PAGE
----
Perhaps Roth and Mailer need not have tried so hard. Today, a surplus of Jewish and gentile women covet an NJB of their own. Jewish dating site JDate draws a significant number of non-Jews—5 percent of its 750,000 members. “For whatever reason, Jewish men tend to value warmth, humor, good food, and great libidos—all prime qualities for what most women consider boyfriend material,” says Kristina Grish, author of Boy Vey! The Shiksa’s Guide to Dating Jewish Men.

Emboldened, some Jewish men are reclaiming the term. One is Adam Cohen, creator of the Nice Jewish Guys calendar, which is graced not with buff athletes but with sweet, mama-loving boys like himself. “I wanted to carry the torch for all nice Jewish guys,” says Cohen, who adds that for him the NJB means something beyond being bookish, nebbishy or even Jewish. “At the core of it, you just have to be respectful,” he says.

Not all agree that respect is really the nice Jewish boy’s core virtue. In her bestselling novel The Love Affairs of Nathaniel P., author Adelle Waldman paints a darker, more complex portrait of the modern Jewish male. Her protagonist, Nathaniel Piven, is “in some sense an NJB,” she says—but it depends how you define “nice.” “The niceness can coexist with smugness, self-satisfaction and a host of other traits.”

Outwardly, Nathaniel P. is the boy your mother would approve of, the very picture of the nobleedelkayt. But in his intimate dealings with the women he dates, sleeps with and strings along? “There’s very little chivalry,” says Waldman, “unless you count paying for the abortions.”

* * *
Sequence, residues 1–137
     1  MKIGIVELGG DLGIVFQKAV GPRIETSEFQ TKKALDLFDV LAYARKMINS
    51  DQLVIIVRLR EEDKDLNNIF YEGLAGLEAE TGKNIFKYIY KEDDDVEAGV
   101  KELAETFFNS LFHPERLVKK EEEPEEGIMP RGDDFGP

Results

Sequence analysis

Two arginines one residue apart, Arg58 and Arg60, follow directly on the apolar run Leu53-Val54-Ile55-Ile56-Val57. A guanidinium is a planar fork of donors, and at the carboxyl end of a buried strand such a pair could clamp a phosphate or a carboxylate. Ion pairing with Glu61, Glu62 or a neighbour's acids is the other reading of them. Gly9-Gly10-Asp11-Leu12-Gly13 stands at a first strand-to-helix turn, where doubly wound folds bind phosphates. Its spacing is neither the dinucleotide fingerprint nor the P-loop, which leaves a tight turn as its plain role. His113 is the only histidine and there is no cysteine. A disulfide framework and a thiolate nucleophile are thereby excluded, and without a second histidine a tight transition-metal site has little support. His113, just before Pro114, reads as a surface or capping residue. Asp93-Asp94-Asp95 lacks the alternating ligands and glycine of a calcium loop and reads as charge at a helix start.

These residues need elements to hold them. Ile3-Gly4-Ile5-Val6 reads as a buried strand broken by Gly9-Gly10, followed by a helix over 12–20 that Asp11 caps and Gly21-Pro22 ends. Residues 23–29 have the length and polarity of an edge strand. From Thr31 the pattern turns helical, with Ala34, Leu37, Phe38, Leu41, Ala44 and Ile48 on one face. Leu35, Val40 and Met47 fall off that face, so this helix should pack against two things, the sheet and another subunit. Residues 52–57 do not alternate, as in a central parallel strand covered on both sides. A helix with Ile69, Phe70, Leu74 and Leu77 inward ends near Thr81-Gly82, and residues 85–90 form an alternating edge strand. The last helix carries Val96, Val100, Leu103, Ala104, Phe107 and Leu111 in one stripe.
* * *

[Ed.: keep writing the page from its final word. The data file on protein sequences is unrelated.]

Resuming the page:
And yet, despite its darker connotations, many still want to believe in the NJB's genuine niceness. Even outside the Jewish community, the phrase has been taken up by other immigrant groups who seek virtuous partners for their children, says Sarah Bunin Benor, an associate professor of contemporary Jewish studies at Hebrew Union College.

In her class, Benor teachers a short story in which a bagel-eating Chinese immigrant girl living in the largely Jewish community of Westchester, New York meets a recent Japanese immigrant boy. When she finds out that his name is Sherman, she asks: “What kind of name is that for a nice Chinese boy?”

What kind of name, indeed.

This article originally appeared in the November/December issue of Moment Magazine. For more go to momentmag.com.